LOS ANGELES, Jan. 25, 2018 -- A diet that zeros in on foods that promote brain health, including vegetables, berries, fish and olive oil, helps to substantially slow cognitive decline in stroke survivors, according to preliminary research presented at the American Stroke Association's International Stroke Conference 2018, a world premier meeting dedicated to the science and treatment of cerebrovascular disease for researchers and clinicians.
The Mediterranean-DASH Intervention for Neurodegenerative Delay, or MIND, is a combination of the nutritionally healthy DASH and Mediterranean diets, but with modifications based on the best scientific evidence on nutrition and brain health. Other foods featured in the MIND diet include nuts, beans, poultry, whole grains and moderate wine consumption. It limits red meats and red meat products, butter, trans fat margarines, cheese, sweets and pastries as well as fried and fast foods.
Study co-author Martha Clare Morris, Sc.D., a nutritional epidemiologist at Rush University Medical Center in Chicago, is the lead creator of the MIND diet, which has been associated with reduced Alzheimer's risk in seniors who adhered closely to its recommendations.
"We know that stroke survivors are twice as likely to develop dementia compared to the general population. I was really intrigued by the results of a previous MIND study, which showed that the people who were most highly adherent to the MIND diet cognitively functioned as if they were 7.5 years younger than the least adherent group. It made me wonder if those findings would hold true for stroke survivors," said Laurel J. Cherian, M.D., M.S, co-study author and vascular neurologist and assistant professor of neurological sciences at Rush University Medical Center.
Cherian and colleagues studied 106 stroke survivors for cognitive decline, including decline in one's ability to think, reason and remember. They assessed people in the study every year, for an average of 4.7 years, and monitored patients' eating habits, grouping them into those who were highly adherent to MIND, moderately adherent and least adherent to the diet. They also examined factors that are known to affect cognitive performance, including age, gender, education level, participation in cognitively stimulating activities, physical activity, smoking and genetics.
- Those in the most adherent MIND group had a substantially slower rate of cognitive decline than people who adhered least to the diet.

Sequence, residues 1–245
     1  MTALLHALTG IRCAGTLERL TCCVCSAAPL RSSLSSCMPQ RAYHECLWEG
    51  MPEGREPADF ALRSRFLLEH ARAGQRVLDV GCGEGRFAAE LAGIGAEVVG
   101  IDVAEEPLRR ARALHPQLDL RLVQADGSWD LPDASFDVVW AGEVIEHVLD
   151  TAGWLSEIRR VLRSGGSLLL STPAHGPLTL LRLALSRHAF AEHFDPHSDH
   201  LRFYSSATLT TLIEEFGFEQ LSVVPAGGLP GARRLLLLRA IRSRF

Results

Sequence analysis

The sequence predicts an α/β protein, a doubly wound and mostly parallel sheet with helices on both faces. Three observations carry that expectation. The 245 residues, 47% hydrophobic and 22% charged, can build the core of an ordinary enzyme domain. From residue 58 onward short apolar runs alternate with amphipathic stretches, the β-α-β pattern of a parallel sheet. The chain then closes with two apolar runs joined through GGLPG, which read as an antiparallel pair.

- The estimated effect of the diet remained strong even after taking into account participants' level of education and participation in cognitive and physical activities.
- While adherence to the MIND diet was highly associated with slower rate of cognitive decline in stroke patients, the Mediterranean and DASH diets, were not associated with slower cognitive decline.
"The Mediterranean and DASH diets have been shown to be protective against coronary artery disease and stroke, but it seems the nutrients emphasized in the MIND diet may be better suited to overall brain health and preserving cognition," Cherian said.
According to Cherian, studies have found that folate, vitamin E, omega-3 fatty acids, carotenoids and flavonoids are associated with slower rates of cognitive decline, while things like saturated and hydrogenated fats have been associated with dementia.
"I like to think of the MIND diet as a way to supercharge the nutritional content of what we eat. The goal is to emphasize foods that will not only lower our risk of heart attacks and stroke, but make our brains as resilient as possible to cognitive decline," she said. "Our study suggests that if we choose the right foods, we may be able to protect stroke survivors from cognitive decline. This is a preliminary study that will hopefully be confirmed by other studies, including research looking specifically at stroke survivors. For now, I think there is enough information to encourage stroke patients to view food as one of their most powerful tools to optimize their brain health."
The main limitation of the study is that it's observational and findings cannot be interpreted in a cause-and-effect relationship. The study is also relatively small.
Other co-authors are Neelum T. Aggarwal, M.D.; Thomas Holland, M.D.; Puja Agarwal, Ph.D.; Yamin Wang, Ph.D.; Keiko Fukuda, B.A.; and Martha C Morris, Sc.D. Author disclosures are on the abstract. The National Institute on Aging funded the study.
Presentation location: Room 515A
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